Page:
Despite Threat of Arrest, Las Pavas Continues to Struggle for their Land

by Eloy Garcia

The people of Las Pavas are a sustainable farming community in the south of Bolivar Colombia. Through the years paramilitary violence has forced the community to leave the land but each time they have returned. In 2006 the community was in the process of claiming its land rights under Colombian law when a Daabon consortium[1] bought the land from absentee owner, who had lost his rights to the land due to years of abandonment. On July 14, 2009, the Colombian riot police forcefully removed the community of Las Pavas. It has been more than one year since the illegal eviction of the 123 families (more than 500 people) from the Las Pavas farm. Throughout this year, the community has been living in a humanitarian crisis with no food security and no land.

The findings of a June 10, 2010 independent commission sponsored by The Body Shop and Christian Aid, investigating the displacement of the Las Pavas community and palm production on Papayal Island, confirmed that the land is not suitable for this type of agribusiness, by virtue of their harmful effects on the region’s environment and culture.[2] The damage includes the destruction of river channels and lakes, and the clear cutting and burning of the community forest, an area preserved for hunting and wildlife preservation.


In early October 2010 the cosmetics retailer The Body Shop announced it would stop buying palm oil from Daabon. The Body Shop announcement came as a result of direct international pressure from different entities including CPT, which consisted of various direct actions in front of stores in the U.S., Europe, and Canada.  In an October 28, 2010 public press release, Daabon announced that it would end its oil palm operations in Las Pavas, but to this date has not ceased its work there [3].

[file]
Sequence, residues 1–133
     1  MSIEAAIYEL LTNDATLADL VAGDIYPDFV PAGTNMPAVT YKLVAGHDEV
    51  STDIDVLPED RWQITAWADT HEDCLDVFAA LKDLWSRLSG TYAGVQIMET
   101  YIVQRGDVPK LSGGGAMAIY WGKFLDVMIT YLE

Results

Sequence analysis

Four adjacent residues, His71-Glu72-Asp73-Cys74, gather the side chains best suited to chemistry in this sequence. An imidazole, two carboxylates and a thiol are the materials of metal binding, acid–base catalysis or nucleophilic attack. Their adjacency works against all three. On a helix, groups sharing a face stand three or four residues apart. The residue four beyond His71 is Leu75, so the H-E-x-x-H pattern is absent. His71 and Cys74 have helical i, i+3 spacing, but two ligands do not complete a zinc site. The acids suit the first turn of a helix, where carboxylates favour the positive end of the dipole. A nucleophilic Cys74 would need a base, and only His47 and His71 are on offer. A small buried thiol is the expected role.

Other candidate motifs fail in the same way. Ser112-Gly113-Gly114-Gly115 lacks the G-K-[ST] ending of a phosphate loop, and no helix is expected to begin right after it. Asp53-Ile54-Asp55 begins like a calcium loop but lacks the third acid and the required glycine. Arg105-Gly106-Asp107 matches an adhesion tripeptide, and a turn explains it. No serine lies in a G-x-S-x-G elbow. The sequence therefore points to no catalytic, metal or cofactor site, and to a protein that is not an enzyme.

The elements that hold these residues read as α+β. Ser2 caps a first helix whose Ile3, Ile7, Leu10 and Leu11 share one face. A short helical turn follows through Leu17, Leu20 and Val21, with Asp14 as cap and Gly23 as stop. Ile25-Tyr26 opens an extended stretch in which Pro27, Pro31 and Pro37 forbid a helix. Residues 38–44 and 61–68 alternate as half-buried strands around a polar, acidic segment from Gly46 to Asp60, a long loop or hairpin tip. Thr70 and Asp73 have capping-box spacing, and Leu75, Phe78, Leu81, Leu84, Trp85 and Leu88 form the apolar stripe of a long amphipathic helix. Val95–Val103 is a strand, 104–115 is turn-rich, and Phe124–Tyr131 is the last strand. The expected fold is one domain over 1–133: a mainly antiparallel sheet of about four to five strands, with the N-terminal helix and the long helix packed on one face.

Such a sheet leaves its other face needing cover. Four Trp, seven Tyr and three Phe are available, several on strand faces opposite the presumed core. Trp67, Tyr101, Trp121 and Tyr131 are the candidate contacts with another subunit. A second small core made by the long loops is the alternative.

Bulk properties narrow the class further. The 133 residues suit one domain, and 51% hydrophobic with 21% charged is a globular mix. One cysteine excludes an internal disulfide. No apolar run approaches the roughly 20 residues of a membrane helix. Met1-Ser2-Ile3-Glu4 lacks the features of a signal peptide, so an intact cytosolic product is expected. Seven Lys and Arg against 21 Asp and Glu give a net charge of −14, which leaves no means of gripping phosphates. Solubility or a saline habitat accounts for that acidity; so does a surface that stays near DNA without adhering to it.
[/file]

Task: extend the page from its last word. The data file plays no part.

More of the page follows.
In January 2011 the Las Pavas community and accompanying entities gathered together as the Mesa de Interlocution de Sur de Bolivar[4] and released a statement to  inform the national and international community that:
1. Palm cultivation activities by Daabon in Las Pavas continue uninterrupted.
2. The community of Las Pavas continues in dispossession, displaced from the territory.
3. The impacts of environmental and cultural damage by the palm industry continue to affect ecosystems in the territory of Las Pavas and the region between the Papayal and Magdalena Rivers.


Las Pavas attorneys have verified that CI Tequendama SA continues to be registered as the owner of the land of Las Pavas. The subsidiary of the Daabon group and has not relinquished their ties to the Las Pavas land.  In fact they have filed three recent lawsuits to claim even more land from the Las Pavas area, lands known as baldilos or common lands without prior title.[5]


Notwithstanding  the documented evidence of  Daabon’s complicity with displacement and environmental damage Daabon’s international marketing campaign claims “to ensure that our activities be socially, economically and environmentally sustainable.”[6] Furthermore Daabon looks to be the first Latin American palm oil producer to be certified by the Roundtable on Sustainable Palm Oil, or RSPO.  RSPO certification is the global guideline for producing palm oil supposedly sustainably. Daabon’s plan is to certify their Colombian palm plantations by 2012.[7] In reference to the human rights and environmental destruction of Las Pavas, Daabon continues to deny complicity and responsibility of the Las Pavas community’s concerns.[8]


As such the Las Pavas community, and the accompanying groups, has launched an international and national nonviolent resistance campaign to pressure Daabon to return the land to the community. The community was notified that Daabon would be present at two important international food fairs in Germany: Fruit Logistica 2011 Berlin and Biofach 2011 in Nuremberg, and began to mobilize their international allies.